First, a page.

(ii) Systematic error
Systematic error is caused due to instruments, machines, and measuring tools. It is not due to individuals. Systematic error is acceptable we can fix and handled it.
WAYS OF FINDING RELIABILITY:
Following are the methods to check reliability
- Alternate form
- Split –half method
It is the oldest and commonly used method of testing reliability. The test retest method assesses the external consistency of a test. Examples of appropriate tests include questionnaires and psycho metric tests. It measures the stability of a test over time.
A typical assessment would involve giving participants the same test on two separate occasions. Each and every thing from start to end will be same in both tests. Results of first test need to be correlated with the result of second test. If the same or similar results are obtained then external reliability is established.
The timing of the test is important if the duration is to brief then participants may recall information from the first test which could bias the results. Alternatively, if the duration is too long it is feasible that the participants could have changed in some important way which could also bias the results.
Utility and worth of a psychological test decreases with time so the test should be revised and updated. When tests are not revised systematic error may arise.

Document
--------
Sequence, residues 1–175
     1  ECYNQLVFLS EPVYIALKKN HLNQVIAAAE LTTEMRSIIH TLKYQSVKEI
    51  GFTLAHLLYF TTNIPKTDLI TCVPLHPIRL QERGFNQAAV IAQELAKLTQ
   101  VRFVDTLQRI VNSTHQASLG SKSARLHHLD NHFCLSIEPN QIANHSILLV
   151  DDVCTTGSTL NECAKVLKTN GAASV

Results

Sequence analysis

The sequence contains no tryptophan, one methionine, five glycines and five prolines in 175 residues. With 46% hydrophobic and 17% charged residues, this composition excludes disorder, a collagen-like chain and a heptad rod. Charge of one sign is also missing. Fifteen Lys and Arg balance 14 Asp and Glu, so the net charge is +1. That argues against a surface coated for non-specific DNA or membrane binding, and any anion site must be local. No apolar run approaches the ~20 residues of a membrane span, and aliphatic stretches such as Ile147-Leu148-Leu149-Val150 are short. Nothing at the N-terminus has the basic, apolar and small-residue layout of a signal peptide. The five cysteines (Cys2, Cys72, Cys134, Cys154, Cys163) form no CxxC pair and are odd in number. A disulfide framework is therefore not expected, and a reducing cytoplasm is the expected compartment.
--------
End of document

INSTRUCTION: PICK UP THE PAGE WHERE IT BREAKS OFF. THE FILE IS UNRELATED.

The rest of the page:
In alternate form two equivalent forms of the test are administered to the same group of examinees. An individual has given one form of the test and after a period of time the person is given a different version of the same test. The two form of the rest are then correlated to yield a coefficient of equivalence.
In alternate form no deal to wait for time.
It is very hectic and risky task to make two test of equivalent level.
The split half method assesses the internal consistency of a test. It measures the extent to which all parts of the test contribute equally to what is being measured. The test is technically spitted into odd and even form. The reason behind this is when we making test we always have the items in order of increasing difficulty if we put (1,2,—-10) in one half and (11,12,—-20) in another half then all easy question/items will goes to one group and all difficult questions/items will goes to the second group.
When we split the test we should split it with same format/theme e.g. Multiple questions – multiple questions or blanks – blanks.